The Pennsylvania Game Commission will offer public tours of its four game farms on Sunday, Sept. 30. Guided tours are scheduled to begin at noon and conclude by 3 p.m., rain or shine, at the game farms in Armstrong, Crawford and Lycoming (two farms) counties.
"The tours are designed to provide the public an opportunity to learn more about the Game Commission's game farms and our pheasant propagation program," said Carl G. Roe, Game Commission executive director. "While pheasants are not a native species to Pennsylvania, or the United States for that matter, the Game Commission's pheasant-stocking program continues to be a service in high demand, provides a tangible product for the license buyer, and adds diversity to today's hunting experience at a time when wild pheasant populations are low."
Tour stops will include hatcheries, brooder houses, and rearing, "grow-out" and over-wintering pens. Workshop discussions will focus on objectives in propagation management, including sportsmen's organizations participating in raising day-old chicks provided by the farms to increase local hunting opportunities and surplus day-old hen chicks that are sold to the public. Also, after registration and before taking the tour, visitors may view a brief DVD highlighting farm operations throughout the year.
When visitors arrive on tour dates, they will be asked to register before game farm personnel take them on a guided tour. In order to maintain biosecurity and minimize human contact with the birds, visitors will be asked to remain with tour groups.
Since budget cuts in 2005, the agency reduced the production of ring-necked pheasants from 200,000 birds to 100,000 birds annually at the Game Commission's game farms, and the agency temporarily closed one of the game farms.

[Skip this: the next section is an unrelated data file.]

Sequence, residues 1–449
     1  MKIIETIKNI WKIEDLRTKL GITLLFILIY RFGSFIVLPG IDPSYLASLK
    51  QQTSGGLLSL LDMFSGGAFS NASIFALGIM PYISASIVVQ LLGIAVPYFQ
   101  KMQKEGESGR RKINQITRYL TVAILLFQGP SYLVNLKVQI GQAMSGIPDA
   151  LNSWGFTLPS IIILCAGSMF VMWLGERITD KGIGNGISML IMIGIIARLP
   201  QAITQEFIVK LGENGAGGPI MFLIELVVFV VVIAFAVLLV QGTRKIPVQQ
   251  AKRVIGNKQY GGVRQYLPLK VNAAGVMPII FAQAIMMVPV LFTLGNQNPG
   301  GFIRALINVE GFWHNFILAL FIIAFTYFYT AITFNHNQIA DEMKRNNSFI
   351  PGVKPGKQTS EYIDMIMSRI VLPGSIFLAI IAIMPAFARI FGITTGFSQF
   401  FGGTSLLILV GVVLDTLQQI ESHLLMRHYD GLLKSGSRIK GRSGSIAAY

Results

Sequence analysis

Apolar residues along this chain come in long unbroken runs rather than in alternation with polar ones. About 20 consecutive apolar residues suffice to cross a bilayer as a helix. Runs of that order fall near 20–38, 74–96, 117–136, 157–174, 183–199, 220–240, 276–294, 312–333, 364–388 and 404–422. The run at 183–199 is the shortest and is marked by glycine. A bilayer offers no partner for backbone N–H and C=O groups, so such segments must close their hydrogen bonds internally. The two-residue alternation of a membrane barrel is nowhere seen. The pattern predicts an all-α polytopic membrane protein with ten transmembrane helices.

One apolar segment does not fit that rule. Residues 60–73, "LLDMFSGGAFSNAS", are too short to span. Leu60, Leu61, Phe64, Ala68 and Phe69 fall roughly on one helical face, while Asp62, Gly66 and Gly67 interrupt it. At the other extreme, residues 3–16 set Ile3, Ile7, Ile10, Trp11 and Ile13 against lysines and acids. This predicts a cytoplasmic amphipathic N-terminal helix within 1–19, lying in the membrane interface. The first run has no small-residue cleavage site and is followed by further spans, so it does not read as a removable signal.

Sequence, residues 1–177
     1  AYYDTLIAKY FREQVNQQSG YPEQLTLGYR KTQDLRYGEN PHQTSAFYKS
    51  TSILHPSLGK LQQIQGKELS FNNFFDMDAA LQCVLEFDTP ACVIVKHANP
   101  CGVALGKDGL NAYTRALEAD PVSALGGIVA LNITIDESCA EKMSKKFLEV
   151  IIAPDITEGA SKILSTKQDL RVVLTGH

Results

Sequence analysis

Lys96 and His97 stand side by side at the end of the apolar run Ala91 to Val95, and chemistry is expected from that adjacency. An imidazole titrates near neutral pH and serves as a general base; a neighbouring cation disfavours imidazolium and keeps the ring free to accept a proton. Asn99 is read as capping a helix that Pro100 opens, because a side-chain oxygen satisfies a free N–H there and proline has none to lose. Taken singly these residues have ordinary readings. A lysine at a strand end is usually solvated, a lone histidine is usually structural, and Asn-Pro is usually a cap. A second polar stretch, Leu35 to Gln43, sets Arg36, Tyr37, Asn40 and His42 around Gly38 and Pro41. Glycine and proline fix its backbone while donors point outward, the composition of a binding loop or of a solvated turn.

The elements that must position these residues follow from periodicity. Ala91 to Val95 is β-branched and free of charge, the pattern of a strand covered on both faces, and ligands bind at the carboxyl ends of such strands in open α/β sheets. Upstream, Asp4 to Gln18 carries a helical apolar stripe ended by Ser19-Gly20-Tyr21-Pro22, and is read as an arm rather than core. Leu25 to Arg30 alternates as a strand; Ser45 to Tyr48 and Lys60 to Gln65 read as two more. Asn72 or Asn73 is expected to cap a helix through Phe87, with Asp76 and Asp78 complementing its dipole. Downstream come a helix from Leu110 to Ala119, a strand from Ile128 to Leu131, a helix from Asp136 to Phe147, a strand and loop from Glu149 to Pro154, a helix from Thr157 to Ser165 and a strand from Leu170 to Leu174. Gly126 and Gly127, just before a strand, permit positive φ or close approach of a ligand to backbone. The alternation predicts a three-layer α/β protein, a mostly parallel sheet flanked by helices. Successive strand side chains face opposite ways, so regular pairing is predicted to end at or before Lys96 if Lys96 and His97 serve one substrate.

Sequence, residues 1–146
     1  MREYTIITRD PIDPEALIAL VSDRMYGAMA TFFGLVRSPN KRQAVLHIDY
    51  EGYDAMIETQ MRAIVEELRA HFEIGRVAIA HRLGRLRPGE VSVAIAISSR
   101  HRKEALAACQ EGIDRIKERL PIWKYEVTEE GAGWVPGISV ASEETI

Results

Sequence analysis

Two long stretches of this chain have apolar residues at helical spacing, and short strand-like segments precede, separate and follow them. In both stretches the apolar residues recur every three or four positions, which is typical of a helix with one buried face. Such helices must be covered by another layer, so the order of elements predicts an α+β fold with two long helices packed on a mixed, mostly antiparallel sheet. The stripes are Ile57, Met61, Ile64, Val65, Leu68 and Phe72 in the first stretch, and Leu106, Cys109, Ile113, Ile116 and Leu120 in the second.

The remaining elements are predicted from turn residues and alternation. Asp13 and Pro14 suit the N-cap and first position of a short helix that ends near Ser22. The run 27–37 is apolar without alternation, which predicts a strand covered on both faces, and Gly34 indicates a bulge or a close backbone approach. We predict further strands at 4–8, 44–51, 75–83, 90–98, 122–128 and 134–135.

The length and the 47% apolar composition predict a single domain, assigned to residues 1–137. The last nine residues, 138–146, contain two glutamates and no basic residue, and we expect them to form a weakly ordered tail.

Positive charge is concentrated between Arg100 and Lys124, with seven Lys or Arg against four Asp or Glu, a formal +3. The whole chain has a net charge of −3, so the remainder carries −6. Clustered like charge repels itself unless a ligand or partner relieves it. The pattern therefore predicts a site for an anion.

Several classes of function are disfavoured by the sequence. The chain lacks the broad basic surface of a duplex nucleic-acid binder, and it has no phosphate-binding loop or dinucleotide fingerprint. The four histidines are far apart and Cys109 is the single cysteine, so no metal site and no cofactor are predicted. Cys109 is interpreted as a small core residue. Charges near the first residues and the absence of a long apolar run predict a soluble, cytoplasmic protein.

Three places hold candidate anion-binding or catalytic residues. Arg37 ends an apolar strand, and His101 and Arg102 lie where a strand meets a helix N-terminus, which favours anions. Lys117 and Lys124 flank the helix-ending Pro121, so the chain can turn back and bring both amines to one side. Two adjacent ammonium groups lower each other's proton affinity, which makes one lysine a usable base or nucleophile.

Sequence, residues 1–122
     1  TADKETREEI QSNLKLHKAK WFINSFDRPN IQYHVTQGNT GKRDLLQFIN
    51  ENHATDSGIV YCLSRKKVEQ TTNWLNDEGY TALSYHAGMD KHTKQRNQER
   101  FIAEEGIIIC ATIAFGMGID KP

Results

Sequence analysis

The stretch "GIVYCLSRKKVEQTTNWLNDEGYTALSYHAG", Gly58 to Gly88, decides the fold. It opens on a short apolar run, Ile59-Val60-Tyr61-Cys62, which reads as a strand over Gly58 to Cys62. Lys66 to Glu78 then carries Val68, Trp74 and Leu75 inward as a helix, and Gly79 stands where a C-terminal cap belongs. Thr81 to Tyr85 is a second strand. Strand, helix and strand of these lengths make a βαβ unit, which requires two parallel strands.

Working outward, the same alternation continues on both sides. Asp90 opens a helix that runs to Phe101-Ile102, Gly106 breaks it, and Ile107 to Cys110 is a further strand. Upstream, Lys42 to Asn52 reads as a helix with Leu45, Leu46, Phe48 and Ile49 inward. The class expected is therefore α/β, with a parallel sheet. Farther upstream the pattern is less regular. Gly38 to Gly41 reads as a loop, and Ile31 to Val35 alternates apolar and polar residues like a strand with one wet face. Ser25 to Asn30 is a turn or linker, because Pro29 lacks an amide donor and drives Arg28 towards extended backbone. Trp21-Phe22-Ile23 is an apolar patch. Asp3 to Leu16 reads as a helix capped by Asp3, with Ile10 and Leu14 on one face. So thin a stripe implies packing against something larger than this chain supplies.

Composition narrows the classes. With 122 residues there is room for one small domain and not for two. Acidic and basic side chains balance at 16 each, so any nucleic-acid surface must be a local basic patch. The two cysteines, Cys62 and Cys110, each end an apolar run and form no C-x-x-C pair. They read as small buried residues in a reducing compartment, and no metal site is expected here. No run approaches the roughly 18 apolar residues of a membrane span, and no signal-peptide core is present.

"Thanks to recent revenues from Marcellus Shale-related gas leases on State Game Lands, the agency has increased its production level to distribute 200,000 birds for the 2012-13 hunting seasons, and we reopened the fourth game farm in 2010 to reach that production level," Roe said. "Also, in recent years, the Game Commission has invested in many long overdue game farm infrastructure improvements."
With the increase to 200,000 pheasants being stocked for the 2012-13 seasons, Roe said he hopes hunters have an even better pheasant hunting experience in the upcoming seasons.
"We're expecting hunters will see more pheasants in the field, because the Game Commission will be stocking pheasants during the first four weeks of the seasons, which is two weeks more than in recent years," Roe said. "Because of these improvements and expanded production, we encourage pheasant hunters, as well as other interested individuals, to participate in our public tours of the four game farms."
Goals for the pheasant propagation program are found in the agency's pheasant management plan, which can be viewed on the agency's website ( www.pgc.state.pa.us) by putting your cursor over "Hunt/Trap" in the menu bar at the top of the page, then clicking on "Hunting" and then choosing "Pheasant" from the "Small Game" listing.
Directions to the local game farms are as follows:
Loyalsock Game Farm: Lycoming County, 136 Game Farm Rd., Montoursville, Pa., 17754. The game farm is five miles north of Montoursville on Route 87, but the Route 973 bridge over the Loyalsock Creek still is out due to last year's flood. The game farm is 1.5 miles east of Warrensville on Route 973. Follow Warrensville Road 5.7 miles north to Warrensville from the Warrensville Road exit (Exit 23) of Interstate 80. Tour starts at the hatchery.
Northcentral Game Farm: Lycoming County, 1609 Proctor Rd., Williamsport, Pa., 17701. The game farm is 18 miles north of Montoursville off of Route 87. Tour starts at the hatchery of the Proctor (northern) farm.
Roe noted that information regarding pheasant stocking plans will be announced in September.